From the start of colonization, Indians and Europeans viewed each other across a wide cultural gulf. Sure about the superiority of their civilization, European missionaries and teachers tried to convert Indians to Christianity and the European way of life. Some Indians did adopt new ways after disease and violence had decimated their communities; others rejected the European entreaties and pointed out the arrogance of these claims of cultural superiority. French priest Chrestian LeClerq traveled among the eastern Algonquian people who lived in what are now the Maritime Provinces of Canada. He recorded a Micmac leader’s eloquent response to these attempts at “reform” that pointed out how difficult Europeans found it to live in Indian country. If France was such a terrestrial paradise, he asked, why were colonists making their way across the Atlantic to live in the forests of North America?
I am greatly astonished that the French have so little cleverness, as they seem to exhibit in the matter of which thou hast just told me on their behalf, in the effort to persuade us to convert our poles, our barks, and our wigwams into those houses of stone and of wood which are tall and lofty, according to their account, as these trees. Very well! But why now, do men of five to six feet in height need houses which are sixty to eighty? For, in fact, as thou knowest very well thyself, Patriarch—do we not find in our own all the conveniences and the advantages that you have with yours, such as reposing, drinking, sleeping, eating, and amusing ourselves with our friends when we wish? This is not all, my brother, hast thou as much ingenuity and cleverness as the Indians, who carry their houses and their wigwams with them so that they may lodge wheresoever they please, independently of any seignior whatsoever? Thou art not as bold nor as stout as we, because when thou goest on a voyage thou canst not carry upon thy shoulders thy buildings and thy edifices. Therefore it is necessary that thou prepares as many lodgings as thou makest changes of residence, or else thou lodgest in a hired house which does not belong to thee. As for us, we find ourselves secure from all these inconveniences, and we can always say, more truly than thou, that we are at home everywhere, because we set up our wigwams with ease wheresoever we go, and without asking permission of anybody. Thou reproachest us, very inappropriately, that our country is a little hell in contrast with France, which thou comparest to a terrestrial paradise, inasmuch as it yields thee, so thou safest, every kind of provision in abundance. Thou sayest of us also that we are the most miserable and most unhappy of all men, living without religion, without manners, without honour, without social order, and, in a word, without any rules, like the beasts in our woods and our forests, lacking bread, wine, and a thousand other comforts which thou hast in superfluity in Europe. Well, my brother, if thou dost not yet know the real feelings which our Indians have towards thy country and towards all thy nation, it is proper that I inform thee at once. I beg thee now to believe that, all miserable as we seem in thine eyes, we consider ourselves nevertheless much happier than thou in this, that we are very content with the little that we have; and believe also once for all, I pray, that thou deceivest thyself greatly if thou thinkest to persuade us that thy country is better than ours. For if France, as thou sayest, is a little terrestrial paradise, art thou sensible to leave it? And why abandon wives, children, relatives, and friends? Why risk thy life and thy property every year, and why venture thyself with such risk, in any season whatsoever, to the storms and tempests of the sea in order to come to a strange and barbarous country which thou considerest the poorest and least fortunate of the world? Besides, since we are wholly convinced of the contrary, we scarcely take the trouble to go to France, because we fear, with good reason, lest we find little satisfaction there, seeing, in our own experience, that those who are natives thereof leave it every year in order to enrich themselves on our shores. We believe, further, that you are also incomparably poorer than we, and that you are only simple journeymen, valets, servants, and slaves, all masters and grand captains though you may appear, seeing that you glory in our old rags and in our miserable suits of beaver which can no longer be of use to us, and that you find among us, in the fishery for cod which you make in these parts, the wherewithal to comfort your misery and the poverty which oppresses you. As to us, we find all our riches and all our conveniences among ourselves, without trouble and without exposing our lives to the dangers in which you find yourselves constantly through your long voyages. And, whilst feeling compassion for you in the sweetness of our repose, we wonder at the anxieties and cares which you give yourselves night and day in order to load your ship. We see also that all your people live, as a rule, only upon cod which you catch among us. It is everlastingly nothing but cod—cod in the morning, cod at midday, cod at evening, and always cod, until things come to such a pass that if you wish some good morsels, it is at our expense; and you are obliged to have recourse to the Indians, whom you despise so much, and to beg them to go a-hunting that you may be regaled. Now tell me this one little thing, if thou hast any sense: Which of these two is the wisest and happiest—he who labours without ceasing and only obtains, and that with great trouble, enough to live on, or he who rests in comfort and finds all that he needs in the pleasure of hunting and fishing? It is true, that we have not always had the use of bread and of wine which your France produces; but, in fact, before the arrival of the French in these parts, did not the Gaspesians live much longer than now? And if we have not any longer among us any of those old men of a hundred and thirty to forty years, it is only because we are gradually adopting your manner of living, for experience is making it very plain that those of us live longest who, despising your bread, your wine, and your brandy, are content with their natural food of beaver, of moose, of waterfowl, and fish, in accord with the custom of our ancestors and of all the Gaspesian nation. Learn now, my brother, once for all, because I must open to thee my heart: there is no Indian who does not consider himself infinitely more happy and more powerful than the French.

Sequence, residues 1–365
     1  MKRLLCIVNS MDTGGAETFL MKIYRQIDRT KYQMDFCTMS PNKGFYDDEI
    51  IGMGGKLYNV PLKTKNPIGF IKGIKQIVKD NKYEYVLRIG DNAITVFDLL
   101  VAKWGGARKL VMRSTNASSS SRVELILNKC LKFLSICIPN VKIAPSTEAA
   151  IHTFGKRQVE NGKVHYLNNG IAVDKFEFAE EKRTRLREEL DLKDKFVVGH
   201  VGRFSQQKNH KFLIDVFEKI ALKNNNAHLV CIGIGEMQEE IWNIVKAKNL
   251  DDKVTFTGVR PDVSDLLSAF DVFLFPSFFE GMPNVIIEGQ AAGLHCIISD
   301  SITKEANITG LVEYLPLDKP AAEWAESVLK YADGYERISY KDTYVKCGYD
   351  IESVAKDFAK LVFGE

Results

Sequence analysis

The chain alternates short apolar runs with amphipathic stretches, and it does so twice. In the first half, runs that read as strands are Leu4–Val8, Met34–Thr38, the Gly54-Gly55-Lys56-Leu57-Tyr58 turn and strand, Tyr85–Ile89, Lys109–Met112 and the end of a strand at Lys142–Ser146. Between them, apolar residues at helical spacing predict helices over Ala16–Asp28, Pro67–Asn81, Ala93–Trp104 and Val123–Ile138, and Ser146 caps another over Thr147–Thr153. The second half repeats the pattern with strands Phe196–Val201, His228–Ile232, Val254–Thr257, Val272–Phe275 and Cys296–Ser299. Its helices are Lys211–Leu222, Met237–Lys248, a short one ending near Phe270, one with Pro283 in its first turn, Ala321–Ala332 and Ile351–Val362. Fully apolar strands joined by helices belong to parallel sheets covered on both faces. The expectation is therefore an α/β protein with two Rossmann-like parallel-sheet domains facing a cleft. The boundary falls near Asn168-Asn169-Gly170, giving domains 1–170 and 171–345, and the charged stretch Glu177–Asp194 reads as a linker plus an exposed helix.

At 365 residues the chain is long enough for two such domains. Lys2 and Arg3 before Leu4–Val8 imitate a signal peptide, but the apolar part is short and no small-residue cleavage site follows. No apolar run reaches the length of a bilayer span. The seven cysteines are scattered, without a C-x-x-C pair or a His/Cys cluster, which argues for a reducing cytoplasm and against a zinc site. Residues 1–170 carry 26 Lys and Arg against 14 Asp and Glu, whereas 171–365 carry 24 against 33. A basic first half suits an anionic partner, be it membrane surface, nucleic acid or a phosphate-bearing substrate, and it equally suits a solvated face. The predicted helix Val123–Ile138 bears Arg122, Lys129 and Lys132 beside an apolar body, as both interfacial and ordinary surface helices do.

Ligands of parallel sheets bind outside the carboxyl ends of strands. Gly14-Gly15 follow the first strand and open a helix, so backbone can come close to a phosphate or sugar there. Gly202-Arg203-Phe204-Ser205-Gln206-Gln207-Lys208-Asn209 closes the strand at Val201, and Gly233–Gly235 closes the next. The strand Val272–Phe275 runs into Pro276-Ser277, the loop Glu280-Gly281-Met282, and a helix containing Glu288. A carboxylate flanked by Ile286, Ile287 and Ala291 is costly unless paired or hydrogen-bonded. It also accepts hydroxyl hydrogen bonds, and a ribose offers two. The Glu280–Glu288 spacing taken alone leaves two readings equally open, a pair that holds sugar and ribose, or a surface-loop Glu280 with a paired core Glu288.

Source: William F. Ganong, trans. and ed., New Relation of Gaspesia, with the Customs and Religion of the Gaspesian Indians,by Chrestien LeClerq (Toronto: Champlain Society, 1910), 103–06.